RESEARCH PAPER
Do Polish doctors suffer from occupational burnout syndrome? An attempt to find an answer – Pilot study
 
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1
Division of Health Psychology, Faculty of Health Sciences, Collegium Medicum, Jagiellonian University, Kraków, Poland
2
Collegium Medicum, Jagiellonian University, Kraków, Poland
3
The Second Psychiatry and Psychiatric Rehabilitation Clinic, Medical University, Lublin, Poland
4
Institute of Rural Health, Lublin, Poland
CORRESPONDING AUTHOR
Maciej Załuski   

Collegium Medicum, Jagiellonian University, Kraków, Poland
 
Ann Agric Environ Med. 2019;26(1):191–197
KEYWORDS
TOPICS
ABSTRACT
Introduction and objective:
A nationwide survey, carried out in Poland in 2013, showed that 42% of an examined group of doctors reported occupational burnout syndrome (OBS). The phenomenon of OBS among medical personnel shows a relationship with perceived stress scale (PSS) scores. The aim of the study was to estimate the prevalence of OBS in a group of Polish doctors, and the relationship with selected risk factors and personal resources.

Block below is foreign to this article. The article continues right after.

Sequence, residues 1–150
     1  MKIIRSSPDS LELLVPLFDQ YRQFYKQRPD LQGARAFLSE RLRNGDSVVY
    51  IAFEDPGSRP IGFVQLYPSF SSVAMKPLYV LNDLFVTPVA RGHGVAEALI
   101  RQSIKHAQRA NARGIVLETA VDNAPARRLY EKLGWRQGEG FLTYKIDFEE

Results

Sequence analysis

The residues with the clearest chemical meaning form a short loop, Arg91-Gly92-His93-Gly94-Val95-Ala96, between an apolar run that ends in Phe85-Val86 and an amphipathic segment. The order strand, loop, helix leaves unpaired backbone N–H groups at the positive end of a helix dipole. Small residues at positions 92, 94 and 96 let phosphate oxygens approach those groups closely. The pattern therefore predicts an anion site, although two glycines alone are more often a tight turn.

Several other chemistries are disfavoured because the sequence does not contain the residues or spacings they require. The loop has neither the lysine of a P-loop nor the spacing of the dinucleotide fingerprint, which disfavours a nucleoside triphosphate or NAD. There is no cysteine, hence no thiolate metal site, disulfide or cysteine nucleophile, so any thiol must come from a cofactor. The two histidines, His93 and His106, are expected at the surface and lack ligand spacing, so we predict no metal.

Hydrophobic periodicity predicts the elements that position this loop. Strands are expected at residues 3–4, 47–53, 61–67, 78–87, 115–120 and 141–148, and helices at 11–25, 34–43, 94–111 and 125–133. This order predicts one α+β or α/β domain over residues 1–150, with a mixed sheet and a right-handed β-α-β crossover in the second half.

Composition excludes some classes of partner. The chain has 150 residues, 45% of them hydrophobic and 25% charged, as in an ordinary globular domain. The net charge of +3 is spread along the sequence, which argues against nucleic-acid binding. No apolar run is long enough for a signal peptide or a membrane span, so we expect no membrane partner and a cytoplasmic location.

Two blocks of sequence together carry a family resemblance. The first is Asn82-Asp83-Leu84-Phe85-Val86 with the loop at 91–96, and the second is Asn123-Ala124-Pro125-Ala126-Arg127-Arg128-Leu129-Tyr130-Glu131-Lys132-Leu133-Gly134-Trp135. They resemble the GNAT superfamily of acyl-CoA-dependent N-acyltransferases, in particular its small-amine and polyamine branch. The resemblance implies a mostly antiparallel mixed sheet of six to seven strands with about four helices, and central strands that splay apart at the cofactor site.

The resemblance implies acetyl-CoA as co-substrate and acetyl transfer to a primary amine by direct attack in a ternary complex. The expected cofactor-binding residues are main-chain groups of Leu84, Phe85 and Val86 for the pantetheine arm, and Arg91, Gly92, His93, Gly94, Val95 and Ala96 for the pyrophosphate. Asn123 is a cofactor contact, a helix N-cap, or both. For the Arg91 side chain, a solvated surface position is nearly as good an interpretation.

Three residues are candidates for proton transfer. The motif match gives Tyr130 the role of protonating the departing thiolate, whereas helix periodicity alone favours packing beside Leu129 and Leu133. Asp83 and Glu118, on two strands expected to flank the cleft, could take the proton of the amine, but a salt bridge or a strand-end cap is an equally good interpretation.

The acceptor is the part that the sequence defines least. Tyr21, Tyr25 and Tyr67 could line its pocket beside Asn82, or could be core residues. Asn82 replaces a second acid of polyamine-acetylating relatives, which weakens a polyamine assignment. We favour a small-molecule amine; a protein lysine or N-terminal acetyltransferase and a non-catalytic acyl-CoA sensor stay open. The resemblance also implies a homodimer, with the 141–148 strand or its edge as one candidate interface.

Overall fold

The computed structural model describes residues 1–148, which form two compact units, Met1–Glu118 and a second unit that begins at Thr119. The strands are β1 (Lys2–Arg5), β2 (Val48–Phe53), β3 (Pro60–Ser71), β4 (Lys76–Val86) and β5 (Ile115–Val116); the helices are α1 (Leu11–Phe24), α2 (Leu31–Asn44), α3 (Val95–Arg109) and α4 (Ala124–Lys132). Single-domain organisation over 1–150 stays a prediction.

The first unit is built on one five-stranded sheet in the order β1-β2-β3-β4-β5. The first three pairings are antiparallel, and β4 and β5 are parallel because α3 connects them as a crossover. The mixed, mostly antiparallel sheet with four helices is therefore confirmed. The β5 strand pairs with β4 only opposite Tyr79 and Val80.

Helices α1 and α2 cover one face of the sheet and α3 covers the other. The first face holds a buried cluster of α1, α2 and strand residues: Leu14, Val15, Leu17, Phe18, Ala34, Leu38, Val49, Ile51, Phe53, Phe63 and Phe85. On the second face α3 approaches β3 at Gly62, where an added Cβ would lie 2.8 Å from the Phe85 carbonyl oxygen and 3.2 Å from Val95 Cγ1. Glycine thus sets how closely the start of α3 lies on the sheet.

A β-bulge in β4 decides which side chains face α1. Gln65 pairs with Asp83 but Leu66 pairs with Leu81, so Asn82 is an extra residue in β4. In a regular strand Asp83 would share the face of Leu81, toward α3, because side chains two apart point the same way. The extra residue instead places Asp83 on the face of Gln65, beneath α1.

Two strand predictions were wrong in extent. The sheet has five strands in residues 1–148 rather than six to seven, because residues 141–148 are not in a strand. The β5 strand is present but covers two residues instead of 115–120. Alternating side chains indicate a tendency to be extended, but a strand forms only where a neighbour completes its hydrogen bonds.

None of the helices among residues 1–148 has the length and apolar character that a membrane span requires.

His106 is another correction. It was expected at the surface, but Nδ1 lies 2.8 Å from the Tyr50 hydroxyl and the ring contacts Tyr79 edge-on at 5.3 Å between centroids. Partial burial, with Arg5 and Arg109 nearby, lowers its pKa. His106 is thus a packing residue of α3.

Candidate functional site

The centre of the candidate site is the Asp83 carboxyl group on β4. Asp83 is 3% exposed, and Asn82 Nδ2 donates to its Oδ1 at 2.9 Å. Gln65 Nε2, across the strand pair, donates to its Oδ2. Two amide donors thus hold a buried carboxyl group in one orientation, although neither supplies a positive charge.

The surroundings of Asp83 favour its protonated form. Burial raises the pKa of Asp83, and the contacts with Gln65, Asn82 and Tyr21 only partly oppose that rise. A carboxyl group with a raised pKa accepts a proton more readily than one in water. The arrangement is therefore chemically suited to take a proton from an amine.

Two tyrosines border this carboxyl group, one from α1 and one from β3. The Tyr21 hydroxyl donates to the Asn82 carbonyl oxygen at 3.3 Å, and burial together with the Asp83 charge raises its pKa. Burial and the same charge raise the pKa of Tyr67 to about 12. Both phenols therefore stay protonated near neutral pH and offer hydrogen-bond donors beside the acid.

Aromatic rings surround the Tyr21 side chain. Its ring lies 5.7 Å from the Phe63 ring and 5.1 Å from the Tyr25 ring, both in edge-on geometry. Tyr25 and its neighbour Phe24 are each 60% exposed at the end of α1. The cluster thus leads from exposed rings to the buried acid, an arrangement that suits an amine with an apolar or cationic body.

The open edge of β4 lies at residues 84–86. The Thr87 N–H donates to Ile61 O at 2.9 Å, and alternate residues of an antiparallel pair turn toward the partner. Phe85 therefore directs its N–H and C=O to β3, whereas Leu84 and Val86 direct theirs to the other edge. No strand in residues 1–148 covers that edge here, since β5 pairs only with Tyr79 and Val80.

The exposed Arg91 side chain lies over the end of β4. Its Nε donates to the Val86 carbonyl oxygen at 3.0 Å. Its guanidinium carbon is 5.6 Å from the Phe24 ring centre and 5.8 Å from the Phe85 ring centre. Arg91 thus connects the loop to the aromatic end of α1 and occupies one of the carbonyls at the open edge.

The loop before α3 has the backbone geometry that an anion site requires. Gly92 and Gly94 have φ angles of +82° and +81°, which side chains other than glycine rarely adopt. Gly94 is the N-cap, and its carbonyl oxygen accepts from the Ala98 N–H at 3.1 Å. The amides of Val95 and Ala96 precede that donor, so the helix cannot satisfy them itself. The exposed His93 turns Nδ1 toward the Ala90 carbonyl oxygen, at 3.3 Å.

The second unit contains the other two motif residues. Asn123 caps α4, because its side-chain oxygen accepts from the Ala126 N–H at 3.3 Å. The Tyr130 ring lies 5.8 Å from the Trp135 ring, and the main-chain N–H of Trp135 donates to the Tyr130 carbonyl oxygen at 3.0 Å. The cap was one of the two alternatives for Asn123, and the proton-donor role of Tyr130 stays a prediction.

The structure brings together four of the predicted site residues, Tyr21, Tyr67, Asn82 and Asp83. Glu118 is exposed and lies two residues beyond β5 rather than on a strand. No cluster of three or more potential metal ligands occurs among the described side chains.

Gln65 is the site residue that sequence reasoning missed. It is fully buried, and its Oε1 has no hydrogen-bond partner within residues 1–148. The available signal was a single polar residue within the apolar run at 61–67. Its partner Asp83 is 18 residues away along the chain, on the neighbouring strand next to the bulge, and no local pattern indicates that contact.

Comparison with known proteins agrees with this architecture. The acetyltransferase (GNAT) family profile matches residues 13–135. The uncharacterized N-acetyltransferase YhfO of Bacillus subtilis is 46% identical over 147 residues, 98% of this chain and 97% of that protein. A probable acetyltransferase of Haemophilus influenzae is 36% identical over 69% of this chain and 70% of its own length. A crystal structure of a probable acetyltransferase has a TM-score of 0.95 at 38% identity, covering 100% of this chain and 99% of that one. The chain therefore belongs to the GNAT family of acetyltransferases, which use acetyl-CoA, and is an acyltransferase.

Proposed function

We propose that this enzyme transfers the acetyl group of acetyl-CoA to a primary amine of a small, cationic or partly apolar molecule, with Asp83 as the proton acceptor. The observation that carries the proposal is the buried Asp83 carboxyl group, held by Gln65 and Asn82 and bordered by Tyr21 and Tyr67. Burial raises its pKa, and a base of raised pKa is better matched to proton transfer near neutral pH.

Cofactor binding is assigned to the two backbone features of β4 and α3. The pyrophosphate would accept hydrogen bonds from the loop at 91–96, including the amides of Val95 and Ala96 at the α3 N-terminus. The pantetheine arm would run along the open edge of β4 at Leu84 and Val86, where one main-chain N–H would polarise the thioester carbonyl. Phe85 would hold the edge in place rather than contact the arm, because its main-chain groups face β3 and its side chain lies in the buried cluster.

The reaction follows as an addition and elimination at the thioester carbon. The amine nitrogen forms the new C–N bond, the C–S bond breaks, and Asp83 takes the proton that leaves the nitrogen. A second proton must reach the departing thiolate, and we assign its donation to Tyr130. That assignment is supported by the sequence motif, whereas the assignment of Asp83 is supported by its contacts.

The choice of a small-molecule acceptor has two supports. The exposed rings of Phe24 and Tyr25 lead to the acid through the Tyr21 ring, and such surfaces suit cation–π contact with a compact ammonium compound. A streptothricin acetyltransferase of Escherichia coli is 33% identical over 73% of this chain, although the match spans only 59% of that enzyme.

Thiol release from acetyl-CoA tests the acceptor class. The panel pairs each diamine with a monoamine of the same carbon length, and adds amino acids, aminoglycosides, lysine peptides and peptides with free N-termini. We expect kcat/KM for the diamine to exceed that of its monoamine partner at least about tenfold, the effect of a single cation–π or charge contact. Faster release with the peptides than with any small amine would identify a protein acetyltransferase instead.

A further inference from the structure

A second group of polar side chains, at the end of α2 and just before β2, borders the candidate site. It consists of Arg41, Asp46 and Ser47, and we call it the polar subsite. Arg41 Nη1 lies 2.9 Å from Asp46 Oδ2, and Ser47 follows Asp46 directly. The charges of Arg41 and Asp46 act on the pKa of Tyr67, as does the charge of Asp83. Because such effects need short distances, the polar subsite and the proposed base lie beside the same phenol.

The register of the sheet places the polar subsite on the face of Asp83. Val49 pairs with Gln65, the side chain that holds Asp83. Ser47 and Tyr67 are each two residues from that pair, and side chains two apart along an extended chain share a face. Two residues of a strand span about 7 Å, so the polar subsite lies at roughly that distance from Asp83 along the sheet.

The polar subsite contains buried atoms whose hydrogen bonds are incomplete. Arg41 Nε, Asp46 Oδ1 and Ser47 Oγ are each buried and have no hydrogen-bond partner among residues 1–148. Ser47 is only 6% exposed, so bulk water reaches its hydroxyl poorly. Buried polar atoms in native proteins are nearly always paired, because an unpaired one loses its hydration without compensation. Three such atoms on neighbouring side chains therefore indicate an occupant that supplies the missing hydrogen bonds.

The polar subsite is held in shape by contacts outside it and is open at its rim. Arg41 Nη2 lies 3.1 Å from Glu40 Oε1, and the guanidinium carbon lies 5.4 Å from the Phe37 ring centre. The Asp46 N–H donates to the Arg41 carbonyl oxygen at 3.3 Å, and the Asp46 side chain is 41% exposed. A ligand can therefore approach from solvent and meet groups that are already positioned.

Material and methods:
A cross-sectional study using quantitative methodology was used with the application of a questionnaire method and correlation design. Questionnaires were administered to 318 doctors (42 different specialties) working in medical facilities in Poland. All participants in the study completed two standardized questionnaires: Link Burnout Questionnaire (LBQ), Perceived Stress Scale (PSS), and responded to the questions on a proprietary questionnaire. ANOVA variance analysis and analysis of regression was performed.

Results:
The results of the measurement of four aspects of occupational burnout: psychophysical exhaustion (PE), commitment to relationships with patients (CP), effectiveness in performed work (EW), and existential expectations (EE), were in the medium and high levels range. Every second medical doctor who participated in the research declared a high degree of occupational burnout in each of the aspects of OBS. The high level of PSS scores, the large number of duties per month, the short work experience (years of employment) and the low number of holiday leaves, were the predictors of occupational burnout in the group of doctors taking part in the study.

Conclusions:
The prevalence of the signs of OBS among Polish doctors is consistent with the results of research in other countries. Failures in the interventions taken to reduce stress seem to co-exist with the severity of signs of burnout.

CONFLICT OF INTEREST
The authors have no conflict of interest to declare.
 
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